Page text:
If we consider the poll presented on this article, 33% think SOA's objective is to integrate legacy applications. And how did we do that for the last 30 years? File transfer. It is and it will always be a way of integrating legacy applications. Or, doing SOA, if you are one of those 33%. But, FTP (or SFTP or FTP over SSL; does not matter) or HTTP aren't protocols designed by nature for B2B transactions. They were designed for general-purpose data exchange. And that's why there exist OFTP.
The Odette International organization has come with OFTP long time ago, but the protocol doesn't hit even 5% of awareness if you consider the whole developer's community. It is often miscompared to FTP, due to the "ftp" suffix. Actually, it is better compared to HTTP where it transfer files with no concern of where or how that file is going to be stored. But due to the nature of HTTP, and how files can get big specially on B2B transactions, ain't might be the best approach to do "FT-OA" over WebServices, XML or RPC. Detailed aspects of the protocol can be found at the specification - RFC 5024 - or on the Accord Odette webpage.
Now, if you take a deep look at OFTP vendors, you will mostly find proprietary solutions. AxWay and SeeBurger are one of them. It is possible to find some *nix software that might be open source, but most aren't end-user or production-ready products. Ironically, there wasn't a single Open Source Java library or tool that implemented this protocol, until now.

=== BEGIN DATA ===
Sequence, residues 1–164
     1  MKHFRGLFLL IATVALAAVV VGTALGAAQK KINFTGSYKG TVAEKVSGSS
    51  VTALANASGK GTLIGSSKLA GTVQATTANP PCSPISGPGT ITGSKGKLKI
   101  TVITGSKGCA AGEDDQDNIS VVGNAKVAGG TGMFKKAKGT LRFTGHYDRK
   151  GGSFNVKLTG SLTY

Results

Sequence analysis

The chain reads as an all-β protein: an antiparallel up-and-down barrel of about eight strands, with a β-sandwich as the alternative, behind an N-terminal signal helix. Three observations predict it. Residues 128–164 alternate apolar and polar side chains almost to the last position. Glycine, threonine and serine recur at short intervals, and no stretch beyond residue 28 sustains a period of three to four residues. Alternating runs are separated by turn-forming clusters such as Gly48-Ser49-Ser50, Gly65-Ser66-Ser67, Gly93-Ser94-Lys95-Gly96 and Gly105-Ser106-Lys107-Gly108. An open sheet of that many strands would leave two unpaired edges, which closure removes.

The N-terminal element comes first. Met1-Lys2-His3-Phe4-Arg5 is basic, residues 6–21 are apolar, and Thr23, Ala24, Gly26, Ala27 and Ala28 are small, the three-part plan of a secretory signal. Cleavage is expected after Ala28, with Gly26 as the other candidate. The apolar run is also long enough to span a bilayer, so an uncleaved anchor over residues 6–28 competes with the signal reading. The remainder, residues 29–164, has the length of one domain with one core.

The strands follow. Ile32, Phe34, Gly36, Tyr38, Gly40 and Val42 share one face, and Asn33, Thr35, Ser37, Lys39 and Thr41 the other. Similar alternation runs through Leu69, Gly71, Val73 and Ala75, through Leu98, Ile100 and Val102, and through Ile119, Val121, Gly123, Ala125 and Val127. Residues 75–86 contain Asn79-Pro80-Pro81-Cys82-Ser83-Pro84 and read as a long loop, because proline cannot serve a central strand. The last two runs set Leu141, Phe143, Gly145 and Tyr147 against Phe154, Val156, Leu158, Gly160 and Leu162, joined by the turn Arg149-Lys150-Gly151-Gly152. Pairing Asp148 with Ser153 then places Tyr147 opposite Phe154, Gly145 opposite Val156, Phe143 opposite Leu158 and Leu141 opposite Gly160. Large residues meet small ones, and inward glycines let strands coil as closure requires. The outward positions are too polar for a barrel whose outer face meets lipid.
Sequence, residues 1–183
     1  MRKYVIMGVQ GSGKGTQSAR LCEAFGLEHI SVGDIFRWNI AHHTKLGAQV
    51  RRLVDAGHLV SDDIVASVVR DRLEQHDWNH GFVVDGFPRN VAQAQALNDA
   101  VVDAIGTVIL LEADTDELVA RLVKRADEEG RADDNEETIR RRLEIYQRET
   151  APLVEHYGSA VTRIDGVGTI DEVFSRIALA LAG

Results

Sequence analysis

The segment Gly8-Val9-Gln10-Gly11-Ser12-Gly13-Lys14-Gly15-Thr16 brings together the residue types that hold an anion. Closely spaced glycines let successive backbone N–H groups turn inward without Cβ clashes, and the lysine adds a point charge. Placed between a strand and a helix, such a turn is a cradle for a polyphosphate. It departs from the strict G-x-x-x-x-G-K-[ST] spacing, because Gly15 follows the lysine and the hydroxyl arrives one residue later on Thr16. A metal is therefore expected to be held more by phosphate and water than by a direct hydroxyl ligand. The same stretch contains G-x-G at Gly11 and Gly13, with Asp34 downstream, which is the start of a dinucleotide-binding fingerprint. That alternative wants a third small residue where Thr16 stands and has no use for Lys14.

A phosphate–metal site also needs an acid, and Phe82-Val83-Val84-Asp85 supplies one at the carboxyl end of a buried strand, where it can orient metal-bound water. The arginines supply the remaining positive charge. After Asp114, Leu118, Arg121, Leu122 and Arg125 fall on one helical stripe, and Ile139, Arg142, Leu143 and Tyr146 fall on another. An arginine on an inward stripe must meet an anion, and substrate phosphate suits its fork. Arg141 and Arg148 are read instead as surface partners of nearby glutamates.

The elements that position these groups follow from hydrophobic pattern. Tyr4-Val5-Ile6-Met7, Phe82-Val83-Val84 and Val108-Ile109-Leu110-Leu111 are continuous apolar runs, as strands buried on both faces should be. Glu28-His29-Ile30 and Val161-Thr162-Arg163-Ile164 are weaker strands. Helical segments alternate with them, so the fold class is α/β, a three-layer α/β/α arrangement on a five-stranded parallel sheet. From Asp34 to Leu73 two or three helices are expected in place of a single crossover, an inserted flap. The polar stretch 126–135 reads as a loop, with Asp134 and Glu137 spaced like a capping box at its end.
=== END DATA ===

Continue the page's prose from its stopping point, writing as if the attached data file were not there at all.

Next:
Right now, there are only two Java alternatives that fully implement OFTP 2. One is the mendelson OFTP2 which is a Java desktop client. The other one is a Java library that is part of a project aimed at Managed File Transfer solutions.
The Accord MFT suite is an Open Source project being developed to bring File Transfer solutions for B2B transactions. And as one of its core components, it is the Accord Odette. The library allows developers and companies to embed OFTP2 support within their own products, or build their own client/server. The Accord project is developed, maintained and supported by Neociclo.
Considering how big are the companies already in this market, makes sense that both alternatives are GPLv3. But obviously, both offer commercial license if you consider the support subscription.